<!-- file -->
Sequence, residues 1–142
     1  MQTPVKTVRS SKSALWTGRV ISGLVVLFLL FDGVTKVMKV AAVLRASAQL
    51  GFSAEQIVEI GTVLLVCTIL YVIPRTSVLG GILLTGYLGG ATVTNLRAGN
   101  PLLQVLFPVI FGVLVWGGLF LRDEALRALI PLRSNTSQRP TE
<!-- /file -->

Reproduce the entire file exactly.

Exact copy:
Sequence, residues 1–142
     1  MQTPVKTVRS SKSALWTGRV ISGLVVLFLL FDGVTKVMKV AAVLRASAQL
    51  GFSAEQIVEI GTVLLVCTIL YVIPRTSVLG GILLTGYLGG ATVTNLRAGN
   101  PLLQVLFPVI FGVLVWGGLF LRDEALRALI PLRSNTSQRP TE